While no two people in Lake Charles are alike, things like wills, trusts and more can all be used to meet each individual's unique needs. Revocable trusts are especially effective in this respect, as they can help address a variety of concerns. When used in conjunction with other estate planning documents, these trusts can round out a person's plan and ensure that his or her wishes are carried out to the fullest.
Just a decade or so ago, Lake Charles families shared pictures through physical photo albums, flipping through the pages while visiting with one another. Now, sharing a photo album tends to be a digital task that can be accomplished by a single click of a button. This might have made day-to-day life easier for most people, but it has made estate planning somewhat more complicated.
Going through a divorce is a tremendous life change that can be both emotionally freeing and exhausting. By the time everything is finalized, most Lake Charles divorcees might not feel like so much as looking at another piece of paperwork for years if not decades to come. However, despite these feelings, it is still important to attend to estate planning after major life changes.
Many people like to spend time during the first month of the year reflecting on what is most important to them. Fresh out of the holiday season, some Lake Charles residents might realize that they need to spend more time with their family or focus on organization. This period of reflection is an excellent time to revisit estate planning.
Thinking about aging, future medical needs and death is understandably uncomfortable for most people. No one really wants to imagine a day where they have less autonomy over their life, but avoiding the topic will not stop it from becoming a reality. Lake Charles residents who carefully plan for estate law issues may be better prepared to fully enjoy their later years.
The start of a new year brings the opportunity for Louisiana readers to make resolutions and start new, positive habits. Many people want to lose weight or get more organized, but one practical and smart resolution is to carefully review all estate planning documents and add additional protections. Many people don't have all of the documents and estate planning tools they truly need.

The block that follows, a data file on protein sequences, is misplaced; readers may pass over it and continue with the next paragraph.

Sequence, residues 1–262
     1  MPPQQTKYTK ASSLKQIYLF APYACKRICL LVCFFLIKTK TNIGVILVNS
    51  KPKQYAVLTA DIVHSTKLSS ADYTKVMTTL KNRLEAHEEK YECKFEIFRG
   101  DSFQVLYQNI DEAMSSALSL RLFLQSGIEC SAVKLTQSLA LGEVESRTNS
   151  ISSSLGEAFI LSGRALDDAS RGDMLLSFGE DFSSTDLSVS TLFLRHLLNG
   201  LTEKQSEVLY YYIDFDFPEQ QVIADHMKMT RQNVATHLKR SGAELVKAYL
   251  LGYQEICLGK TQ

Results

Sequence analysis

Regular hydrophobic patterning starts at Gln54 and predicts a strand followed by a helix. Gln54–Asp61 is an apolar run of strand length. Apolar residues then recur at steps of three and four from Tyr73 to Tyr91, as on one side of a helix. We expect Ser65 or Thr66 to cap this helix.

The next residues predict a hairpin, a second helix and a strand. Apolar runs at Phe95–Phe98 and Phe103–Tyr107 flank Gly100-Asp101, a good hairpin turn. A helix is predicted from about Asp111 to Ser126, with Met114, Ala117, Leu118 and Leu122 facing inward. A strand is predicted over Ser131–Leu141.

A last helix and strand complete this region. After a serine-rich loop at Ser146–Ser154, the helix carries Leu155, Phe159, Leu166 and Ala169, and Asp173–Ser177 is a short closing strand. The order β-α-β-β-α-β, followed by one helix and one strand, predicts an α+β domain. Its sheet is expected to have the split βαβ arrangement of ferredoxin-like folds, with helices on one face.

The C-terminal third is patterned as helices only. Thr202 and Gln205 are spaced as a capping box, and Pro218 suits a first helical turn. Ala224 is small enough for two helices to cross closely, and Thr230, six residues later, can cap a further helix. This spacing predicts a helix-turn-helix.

Most people in Lake Charles understand the importance of creating an estate plan. Perhaps less well understood is the importance of updating that plan. When people do not revisit the estate planning process to make necessary changes, their wills, trusts and other important documents might not be as effective as originally expected. Here a few reasons why it might be time to update an estate plan.
A will is usually a good representation of a person's life at the time it was created. However, life is not static, so what may have been an appropriate estate planning choice a year ago might not longer be the case. Those living in Lake Charles should be certain to revise their estate plans after major life events, such as divorce. Divorce can be an emotionally taxing process, and some people may not feel like dealing with anything else either during or after the process, but failing to do so could cost people in the long run.
When deciding what assets to leave heirs, some property can be relatively straightforward. Things like insurance benefits, cash, bonds and stocks all have a concrete value that can be measured and distributed accordingly to a person's preference. But what about property that is not so easy to address? When dealing with things like art, jewelry or heirloom items, people in Lake Charles may want to take extra care during estate planning.
Tech-savvy people in Lake Charles may have already included most of their digital assets in their estate plan. Things like social media log-in information, access to cloud storage, digital financial information and more should all be listed in a person's will, but many people still overlook a huge digital asset -- cryptocurrency. While this type digital asset is usually prized for its privacy and anonymity, going so far as to leave it out of estate planning can be a mistake.